Maiden, K.M., Kaplan, M., Walling, L.A., Miller, P.P., & Crist, G. (2017). A Comprehensive Scoring System to Measure Healthy Community Design in Land Use Plans and Regulations. Prev Med. 95(Suppl), S141-S147.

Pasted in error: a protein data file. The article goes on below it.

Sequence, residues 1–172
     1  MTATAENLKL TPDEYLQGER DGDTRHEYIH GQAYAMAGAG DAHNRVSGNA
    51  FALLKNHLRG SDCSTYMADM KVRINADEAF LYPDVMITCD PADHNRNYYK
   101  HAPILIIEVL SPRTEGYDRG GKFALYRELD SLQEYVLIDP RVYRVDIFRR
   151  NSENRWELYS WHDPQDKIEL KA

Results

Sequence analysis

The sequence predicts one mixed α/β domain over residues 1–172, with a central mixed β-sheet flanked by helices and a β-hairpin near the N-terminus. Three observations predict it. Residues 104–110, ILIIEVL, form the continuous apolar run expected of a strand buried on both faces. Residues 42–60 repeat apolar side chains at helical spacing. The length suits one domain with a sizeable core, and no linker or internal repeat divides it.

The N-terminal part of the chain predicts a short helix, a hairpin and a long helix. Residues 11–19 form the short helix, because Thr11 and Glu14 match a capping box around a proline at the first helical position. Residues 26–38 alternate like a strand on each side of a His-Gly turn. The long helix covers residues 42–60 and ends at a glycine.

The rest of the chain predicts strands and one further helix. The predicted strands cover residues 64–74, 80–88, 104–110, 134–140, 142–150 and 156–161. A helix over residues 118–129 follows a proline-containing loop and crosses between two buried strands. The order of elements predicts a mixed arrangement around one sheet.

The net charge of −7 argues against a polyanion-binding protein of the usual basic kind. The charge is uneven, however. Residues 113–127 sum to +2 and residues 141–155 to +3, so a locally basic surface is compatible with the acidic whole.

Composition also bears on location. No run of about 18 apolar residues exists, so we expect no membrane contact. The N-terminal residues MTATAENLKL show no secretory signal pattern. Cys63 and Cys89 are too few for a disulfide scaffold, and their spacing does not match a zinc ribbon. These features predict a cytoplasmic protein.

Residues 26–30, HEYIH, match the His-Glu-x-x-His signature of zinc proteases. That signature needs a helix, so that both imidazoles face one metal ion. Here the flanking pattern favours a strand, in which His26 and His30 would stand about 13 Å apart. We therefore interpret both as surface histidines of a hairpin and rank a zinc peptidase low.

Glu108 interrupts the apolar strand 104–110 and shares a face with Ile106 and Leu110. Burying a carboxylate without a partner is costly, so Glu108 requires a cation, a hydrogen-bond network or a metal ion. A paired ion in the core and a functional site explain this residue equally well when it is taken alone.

Comprehensive land use plans and their corresponding regulations play a role in determining the nature of the built environment and community design, which are factors that influence population health and health disparities. To determine the level in which a plan addresses healthy living and active design, there is a need for a systematic, reliable and valid method of analyzing and scoring health-related content in plans and regulations. This paper describes the development and validation of a scoring tool designed to measure the strength and comprehensiveness of health-related content found in land use plans and the corresponding regulations. The measures are scored based on the presence of a specific item and the specificity and action-orientation of language. To establish reliability and validity, 42 land use plans and regulations from across the United States were scored January–April 2016. Results of the psychometric analysis indicate the scorecard is a reliable scoring tool for land use plans and regulations related to healthy living and active design. Intraclass correlation coefficients (ICC) scores showed strong inter-rater reliability for total strength and comprehensiveness. ICC scores for total implementation scores showed acceptable consistency among scorers. Cronbach's alpha values for all focus areas were acceptable. Strong content validity was measured through a committee vetting process. The development of this tool has far-reaching implications, bringing standardization of measurement to the field of land use plan assessment, and paving the way for systematic inclusion of health-related design principles, policies, and requirements in land use plans and their corresponding regulations.